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UConn Women’s Basketball Notebook: Replacing production, fun with friends, a big streak on the line

Also, an inside look at what Geno’s looking out for in the season opener, banter with two former players and one incredible streak.

Ian Bethune/The UConn Blog

For much of the preseason, Geno Auriemma has talked about needing to replace the 40 points per game that Napheesa Collier and Katie Lou Samuelson contributed nearly every night for UConn last season.

Year-to-year turnover is part of life in college basketball, something Geno has navigated quite well over the years. While Collier and Samuelson are certainly gigantic losses, UConn doesn’t need to replace the players. It needs to replace the production.

So exactly how much of a void are the Huskies trying to fill? Let’s look at the numbers.

Last year (the 2018-19 season), the two seniors along with Mikayla Coombs, who transferred to Georgia, combined to score 1,450 points — 46 percent of the team’s scoring. They also accounted for 43 percent of its rebounds and 39 percent of the assists.

Those numbers are certainly high percentages but its not uncharted territory for UConn. In fact, the last time the Huskies needed to replace that volume of production was... last year. After losing Kia Nurse, Gabby Williams, Azura Stevens and Andra Espinoza-Hunter, UConn was left without 44 percent of its points, 44 percent of rebounds and 43 percent of assists from the year before. Two years earlier, they were looking for answers to replace a senior class that won four championships and was picked with the top three selections in the WNBA Draft.

Here’s how some of those notable seasons went down:

  • 2016-17: Entering the first year of the post-Breanna Stewart Era, it was hard enough for UConn to replace that amazing class. The Huskies also needed to fill the void of 51 percent of points, 41 percent of rebounds and an incredible 60 percent of its assists. They ended up in the Final Four.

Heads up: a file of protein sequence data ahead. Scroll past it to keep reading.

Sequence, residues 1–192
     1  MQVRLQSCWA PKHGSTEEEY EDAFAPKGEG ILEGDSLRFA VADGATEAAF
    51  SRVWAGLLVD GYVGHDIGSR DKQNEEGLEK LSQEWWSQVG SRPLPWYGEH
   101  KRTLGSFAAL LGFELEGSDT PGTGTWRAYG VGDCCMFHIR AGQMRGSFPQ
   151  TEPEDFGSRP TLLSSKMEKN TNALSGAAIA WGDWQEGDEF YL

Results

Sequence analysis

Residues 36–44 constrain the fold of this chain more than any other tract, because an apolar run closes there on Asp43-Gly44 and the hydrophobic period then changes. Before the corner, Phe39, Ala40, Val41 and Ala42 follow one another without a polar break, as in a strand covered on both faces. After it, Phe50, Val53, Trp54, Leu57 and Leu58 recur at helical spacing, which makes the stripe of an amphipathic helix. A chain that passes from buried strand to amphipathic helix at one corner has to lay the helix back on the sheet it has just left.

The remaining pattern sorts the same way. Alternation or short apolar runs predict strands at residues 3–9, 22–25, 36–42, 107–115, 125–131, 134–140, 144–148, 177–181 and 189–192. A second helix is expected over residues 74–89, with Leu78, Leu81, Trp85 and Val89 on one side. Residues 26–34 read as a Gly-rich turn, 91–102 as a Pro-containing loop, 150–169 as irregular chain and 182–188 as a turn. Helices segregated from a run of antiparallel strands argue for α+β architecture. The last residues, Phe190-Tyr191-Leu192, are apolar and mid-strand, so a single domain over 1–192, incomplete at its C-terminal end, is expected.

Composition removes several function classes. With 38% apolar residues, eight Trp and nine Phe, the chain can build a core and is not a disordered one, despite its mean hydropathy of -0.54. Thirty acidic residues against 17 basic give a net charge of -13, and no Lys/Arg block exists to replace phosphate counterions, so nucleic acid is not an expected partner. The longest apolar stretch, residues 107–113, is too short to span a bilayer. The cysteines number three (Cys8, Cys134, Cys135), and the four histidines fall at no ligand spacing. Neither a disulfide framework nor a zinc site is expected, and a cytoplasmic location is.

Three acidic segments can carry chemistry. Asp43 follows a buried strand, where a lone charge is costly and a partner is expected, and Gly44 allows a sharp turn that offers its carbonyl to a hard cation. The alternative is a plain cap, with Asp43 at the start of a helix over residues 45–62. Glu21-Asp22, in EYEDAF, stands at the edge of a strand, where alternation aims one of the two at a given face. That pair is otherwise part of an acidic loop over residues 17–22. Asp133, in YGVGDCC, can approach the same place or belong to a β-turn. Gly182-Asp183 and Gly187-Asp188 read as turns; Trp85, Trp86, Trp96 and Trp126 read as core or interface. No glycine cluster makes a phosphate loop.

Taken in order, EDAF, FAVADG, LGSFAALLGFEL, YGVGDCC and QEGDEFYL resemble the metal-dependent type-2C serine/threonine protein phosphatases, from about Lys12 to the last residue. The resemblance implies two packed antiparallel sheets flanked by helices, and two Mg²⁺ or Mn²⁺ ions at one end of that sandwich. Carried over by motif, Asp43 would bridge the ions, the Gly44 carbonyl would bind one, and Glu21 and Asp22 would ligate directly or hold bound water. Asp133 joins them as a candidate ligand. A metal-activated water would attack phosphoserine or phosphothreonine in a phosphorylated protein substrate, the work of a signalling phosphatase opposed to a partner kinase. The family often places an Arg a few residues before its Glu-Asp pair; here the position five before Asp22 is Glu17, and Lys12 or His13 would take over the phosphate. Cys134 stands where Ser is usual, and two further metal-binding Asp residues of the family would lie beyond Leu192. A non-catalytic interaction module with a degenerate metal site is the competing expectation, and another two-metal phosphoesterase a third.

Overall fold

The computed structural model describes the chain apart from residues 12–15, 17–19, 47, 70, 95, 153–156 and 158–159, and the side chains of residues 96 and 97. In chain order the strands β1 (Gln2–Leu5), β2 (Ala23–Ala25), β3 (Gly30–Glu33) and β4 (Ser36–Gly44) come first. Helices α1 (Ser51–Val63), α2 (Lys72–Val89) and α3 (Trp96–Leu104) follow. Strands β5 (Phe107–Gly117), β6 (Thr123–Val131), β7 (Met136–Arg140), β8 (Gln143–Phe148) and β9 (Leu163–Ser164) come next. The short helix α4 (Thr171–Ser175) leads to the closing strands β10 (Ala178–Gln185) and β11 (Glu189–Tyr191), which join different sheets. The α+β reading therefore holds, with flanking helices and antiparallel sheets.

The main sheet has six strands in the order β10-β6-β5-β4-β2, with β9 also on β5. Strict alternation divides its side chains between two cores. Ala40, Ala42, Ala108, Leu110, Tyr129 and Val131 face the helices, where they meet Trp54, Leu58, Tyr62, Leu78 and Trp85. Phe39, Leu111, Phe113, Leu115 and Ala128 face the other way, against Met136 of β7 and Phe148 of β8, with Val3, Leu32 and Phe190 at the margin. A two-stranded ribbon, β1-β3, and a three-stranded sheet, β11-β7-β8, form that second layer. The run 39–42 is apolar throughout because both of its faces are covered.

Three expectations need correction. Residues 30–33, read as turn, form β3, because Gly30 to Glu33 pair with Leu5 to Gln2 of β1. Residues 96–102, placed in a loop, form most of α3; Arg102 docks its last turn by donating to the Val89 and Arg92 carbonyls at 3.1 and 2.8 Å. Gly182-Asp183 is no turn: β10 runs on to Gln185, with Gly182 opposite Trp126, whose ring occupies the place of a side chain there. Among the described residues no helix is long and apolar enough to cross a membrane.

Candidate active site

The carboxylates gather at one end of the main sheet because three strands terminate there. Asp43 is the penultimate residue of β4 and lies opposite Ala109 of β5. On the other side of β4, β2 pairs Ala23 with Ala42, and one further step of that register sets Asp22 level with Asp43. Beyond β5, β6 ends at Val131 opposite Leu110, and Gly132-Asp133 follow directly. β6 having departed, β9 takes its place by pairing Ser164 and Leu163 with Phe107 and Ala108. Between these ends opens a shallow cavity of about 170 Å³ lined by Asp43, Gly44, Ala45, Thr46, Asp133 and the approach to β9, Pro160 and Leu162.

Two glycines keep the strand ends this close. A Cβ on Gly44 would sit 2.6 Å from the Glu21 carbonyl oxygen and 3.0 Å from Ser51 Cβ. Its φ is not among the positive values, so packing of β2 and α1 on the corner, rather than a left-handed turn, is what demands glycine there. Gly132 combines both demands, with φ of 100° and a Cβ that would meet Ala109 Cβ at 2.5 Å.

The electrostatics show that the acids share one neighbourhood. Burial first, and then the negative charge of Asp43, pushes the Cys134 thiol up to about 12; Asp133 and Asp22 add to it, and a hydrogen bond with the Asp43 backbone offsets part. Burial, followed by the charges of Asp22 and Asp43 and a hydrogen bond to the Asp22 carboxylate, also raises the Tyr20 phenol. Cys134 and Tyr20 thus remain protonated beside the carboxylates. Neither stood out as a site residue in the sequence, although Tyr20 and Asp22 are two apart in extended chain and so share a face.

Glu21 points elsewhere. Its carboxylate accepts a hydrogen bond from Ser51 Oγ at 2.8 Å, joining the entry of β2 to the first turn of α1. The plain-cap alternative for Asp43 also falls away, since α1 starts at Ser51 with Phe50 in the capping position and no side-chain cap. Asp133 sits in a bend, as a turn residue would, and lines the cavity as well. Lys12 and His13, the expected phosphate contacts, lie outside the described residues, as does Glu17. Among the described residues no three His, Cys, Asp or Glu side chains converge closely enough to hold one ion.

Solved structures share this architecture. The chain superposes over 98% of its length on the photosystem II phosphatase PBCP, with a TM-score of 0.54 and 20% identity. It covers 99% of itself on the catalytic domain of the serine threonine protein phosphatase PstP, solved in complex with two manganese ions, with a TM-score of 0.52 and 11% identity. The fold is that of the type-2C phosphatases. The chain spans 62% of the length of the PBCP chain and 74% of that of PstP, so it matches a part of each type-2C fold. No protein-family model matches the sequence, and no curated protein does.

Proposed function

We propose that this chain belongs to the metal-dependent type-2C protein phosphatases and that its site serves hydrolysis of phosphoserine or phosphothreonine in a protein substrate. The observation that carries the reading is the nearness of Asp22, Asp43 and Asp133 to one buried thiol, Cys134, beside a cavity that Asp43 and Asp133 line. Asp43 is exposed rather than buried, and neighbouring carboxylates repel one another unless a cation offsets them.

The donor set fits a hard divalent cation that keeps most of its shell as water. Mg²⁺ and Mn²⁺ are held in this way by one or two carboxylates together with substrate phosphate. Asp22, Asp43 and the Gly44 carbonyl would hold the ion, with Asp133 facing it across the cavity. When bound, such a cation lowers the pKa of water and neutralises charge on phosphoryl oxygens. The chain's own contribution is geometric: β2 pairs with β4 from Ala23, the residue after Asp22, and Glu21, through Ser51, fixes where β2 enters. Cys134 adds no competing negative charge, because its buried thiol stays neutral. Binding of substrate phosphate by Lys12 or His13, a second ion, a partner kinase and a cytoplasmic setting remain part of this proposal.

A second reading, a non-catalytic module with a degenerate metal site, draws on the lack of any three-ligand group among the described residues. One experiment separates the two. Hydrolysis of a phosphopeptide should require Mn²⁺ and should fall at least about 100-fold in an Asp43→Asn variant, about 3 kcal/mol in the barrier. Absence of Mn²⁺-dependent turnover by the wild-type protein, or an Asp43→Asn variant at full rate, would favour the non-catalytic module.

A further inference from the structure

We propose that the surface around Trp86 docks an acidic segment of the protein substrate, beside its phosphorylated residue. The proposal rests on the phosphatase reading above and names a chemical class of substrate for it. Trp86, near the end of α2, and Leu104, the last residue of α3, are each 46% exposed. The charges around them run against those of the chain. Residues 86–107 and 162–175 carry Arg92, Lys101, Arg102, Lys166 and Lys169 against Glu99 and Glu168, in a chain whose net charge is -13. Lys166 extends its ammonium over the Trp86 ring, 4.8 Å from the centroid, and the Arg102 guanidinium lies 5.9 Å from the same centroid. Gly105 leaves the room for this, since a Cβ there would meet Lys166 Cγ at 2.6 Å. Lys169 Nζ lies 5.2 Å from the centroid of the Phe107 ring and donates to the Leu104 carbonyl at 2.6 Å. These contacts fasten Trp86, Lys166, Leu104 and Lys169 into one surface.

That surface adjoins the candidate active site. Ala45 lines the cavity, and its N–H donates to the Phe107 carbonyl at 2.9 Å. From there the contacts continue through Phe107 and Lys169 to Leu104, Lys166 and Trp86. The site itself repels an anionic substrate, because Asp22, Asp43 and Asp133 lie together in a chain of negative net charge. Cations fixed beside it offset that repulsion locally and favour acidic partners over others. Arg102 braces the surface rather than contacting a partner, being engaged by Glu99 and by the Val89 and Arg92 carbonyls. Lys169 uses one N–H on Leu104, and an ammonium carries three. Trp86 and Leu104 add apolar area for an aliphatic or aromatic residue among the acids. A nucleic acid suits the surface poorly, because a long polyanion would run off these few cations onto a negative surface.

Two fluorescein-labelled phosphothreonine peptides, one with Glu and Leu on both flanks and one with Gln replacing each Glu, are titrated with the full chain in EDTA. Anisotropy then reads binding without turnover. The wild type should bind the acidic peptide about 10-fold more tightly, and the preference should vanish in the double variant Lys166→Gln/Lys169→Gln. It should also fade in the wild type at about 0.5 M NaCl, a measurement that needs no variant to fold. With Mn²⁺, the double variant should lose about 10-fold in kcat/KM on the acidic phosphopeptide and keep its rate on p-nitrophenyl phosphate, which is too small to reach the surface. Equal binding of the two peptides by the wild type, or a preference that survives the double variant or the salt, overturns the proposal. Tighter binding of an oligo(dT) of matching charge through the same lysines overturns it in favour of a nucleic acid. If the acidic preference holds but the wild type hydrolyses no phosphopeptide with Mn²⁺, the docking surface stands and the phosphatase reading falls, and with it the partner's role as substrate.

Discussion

• 2011-12: Another end of an era, this time that of Maya Moore. Without her, Lorin Dixon or Samarie Walker (who left midseason), the Huskies lost 37 percent of their scoring, 28 percent of rebounds and 35 percent of assists. This team also made the Final Four.
  • 2010-11: With Tina Charles, Jacquie Fernandes, Meghan Gardler, Kalana Greene and Kaili McLaren, out went 46 percent of points, 48 percent of rebounds and 28 percent of rebounds. This team made the Final Four as well.
  • 2004-05: When Diana Taurasi, Maria Conlon and Morgan Valley rode off into the sunset with a national championship to cap their college careers, so too with them went 32 percent of the points, 23 percent of rebounds and 47 percent of assists. This year’s squad bowed out of the NCAA Tournament in the Sweet Sixteen.
  • 2002-03: If this doesn’t show the greatness of Taurasi, nothing does. The Huskies lost Sue Bird, Swin Cash, Ashja Jones and Tamika Williams. That left a hole of 60 percent of points, 54 percent of rebounds and 51 percent of assists. Despite all that, UConn went 37-1 and won the national championship.

Obviously, stats don’t tell the whole story. They don’t account for leadership, toughness, ability to play in big moments, etc. But in strictly basketball production terms, it’s one way to measure just how much UConn is looking for its younger players to step up.